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Field and laboratory evaluation of resistance to boxwood blight in Buxus cultivars
M. GANCI (1), K. Ivors (2), D. M. Benson (1). (1) North Carolina State Univ, Raleigh, NC, U.S.A.; (2) North Carolina State University, Raleigh, NC, U.S.A.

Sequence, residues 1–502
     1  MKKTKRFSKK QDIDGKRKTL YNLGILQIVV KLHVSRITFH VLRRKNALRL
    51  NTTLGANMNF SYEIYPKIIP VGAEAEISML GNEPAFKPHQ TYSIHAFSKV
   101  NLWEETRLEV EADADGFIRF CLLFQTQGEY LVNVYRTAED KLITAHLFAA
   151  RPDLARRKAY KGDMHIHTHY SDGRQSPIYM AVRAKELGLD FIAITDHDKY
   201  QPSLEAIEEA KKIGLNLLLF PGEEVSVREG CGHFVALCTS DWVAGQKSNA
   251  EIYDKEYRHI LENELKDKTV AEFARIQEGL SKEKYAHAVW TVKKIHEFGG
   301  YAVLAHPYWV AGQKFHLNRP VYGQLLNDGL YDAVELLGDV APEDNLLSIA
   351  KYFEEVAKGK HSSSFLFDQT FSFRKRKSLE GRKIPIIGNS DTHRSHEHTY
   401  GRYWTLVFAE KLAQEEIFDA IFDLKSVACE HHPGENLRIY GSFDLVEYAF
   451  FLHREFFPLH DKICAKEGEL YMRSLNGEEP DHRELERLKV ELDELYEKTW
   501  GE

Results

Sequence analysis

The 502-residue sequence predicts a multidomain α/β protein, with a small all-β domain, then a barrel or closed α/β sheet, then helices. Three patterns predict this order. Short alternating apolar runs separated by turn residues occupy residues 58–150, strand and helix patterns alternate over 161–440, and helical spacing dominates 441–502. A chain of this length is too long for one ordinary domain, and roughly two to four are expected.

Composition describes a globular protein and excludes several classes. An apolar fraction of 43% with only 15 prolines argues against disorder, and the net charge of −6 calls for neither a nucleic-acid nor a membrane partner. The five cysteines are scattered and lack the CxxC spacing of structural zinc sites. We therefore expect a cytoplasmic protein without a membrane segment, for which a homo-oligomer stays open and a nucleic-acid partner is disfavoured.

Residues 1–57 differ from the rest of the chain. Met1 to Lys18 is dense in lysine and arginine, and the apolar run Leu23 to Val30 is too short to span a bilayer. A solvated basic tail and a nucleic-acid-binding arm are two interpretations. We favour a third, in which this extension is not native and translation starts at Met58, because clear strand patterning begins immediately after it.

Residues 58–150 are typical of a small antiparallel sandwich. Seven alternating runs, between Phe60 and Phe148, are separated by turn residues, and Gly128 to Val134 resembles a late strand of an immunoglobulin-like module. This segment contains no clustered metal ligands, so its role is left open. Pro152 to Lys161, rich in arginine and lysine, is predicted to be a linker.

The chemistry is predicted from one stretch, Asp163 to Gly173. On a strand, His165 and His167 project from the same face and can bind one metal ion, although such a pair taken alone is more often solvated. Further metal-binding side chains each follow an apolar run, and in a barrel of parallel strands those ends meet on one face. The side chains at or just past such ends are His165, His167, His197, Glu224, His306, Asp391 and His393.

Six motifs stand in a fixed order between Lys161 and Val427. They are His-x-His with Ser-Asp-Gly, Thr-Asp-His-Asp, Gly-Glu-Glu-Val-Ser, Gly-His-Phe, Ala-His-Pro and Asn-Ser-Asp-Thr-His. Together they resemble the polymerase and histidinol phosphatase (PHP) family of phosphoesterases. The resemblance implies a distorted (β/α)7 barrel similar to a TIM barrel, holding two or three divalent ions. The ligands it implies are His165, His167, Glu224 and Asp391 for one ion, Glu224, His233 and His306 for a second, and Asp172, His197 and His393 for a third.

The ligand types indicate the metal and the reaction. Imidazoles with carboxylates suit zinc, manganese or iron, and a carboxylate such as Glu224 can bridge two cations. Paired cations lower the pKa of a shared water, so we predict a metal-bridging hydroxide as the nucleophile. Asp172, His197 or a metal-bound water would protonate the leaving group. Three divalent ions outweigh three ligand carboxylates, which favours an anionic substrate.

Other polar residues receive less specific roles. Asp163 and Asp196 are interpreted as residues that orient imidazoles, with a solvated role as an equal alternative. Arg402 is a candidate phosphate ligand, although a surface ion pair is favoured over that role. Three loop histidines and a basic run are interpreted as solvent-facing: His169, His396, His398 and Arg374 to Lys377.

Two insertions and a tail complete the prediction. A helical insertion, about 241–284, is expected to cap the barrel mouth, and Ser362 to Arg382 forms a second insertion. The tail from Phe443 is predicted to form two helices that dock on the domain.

Boxwood blight is caused by the fungal pathogen <i>Calonectria pseudonaviculata (</i>=<i>Cylindrocladium pseudonaviculatum</i>=<i>C. buxicola</i>). During 2012 and 2013, a wide range of resistance was observed when <i>Buxus </i>cultivars were inoculated on a container pad, suggesting that some cultivars expressed quantitative resistance to boxwood blight. An experiment was conducted in a growth chamber to evaluate disease severity and quantify the components of resistance. The objective was to compare boxwood blight resistance of intact plants between lab and field tests. Eight cultivars that expressed varying levels of field resistance were spray inoculated with a water suspension of 10,000 conidia/ml and incubated at 20 °C. Disease severity (DS), incubation period, latent period, lesion area, and spore production were evaluated. Significant (<i>P</i> < 0.0001) differences in DS ratings were observed among the cultivars tested. For instance, <i>B. sinica </i>var insularis ‘Nana’ was resistant (7% DS) while <i>B. sempervirens</i> ‘American’ was highly susceptible (89% DS), confirming results with inoculations in the field (‘Nana’ 0.02% DS, ‘American’ 42% DS; <i>P</i> < 0.0001). There was significant (<i>P</i> = 0.0114) correlation between lab and field DS ratings with a Spearman’s rank correlation coefficient of 0.83. Further analysis of the components of partial resistance of <i>Buxus</i> cultivars to boxwood blight can reveal additional lab phenotypic assays that correlate with results from field studies.

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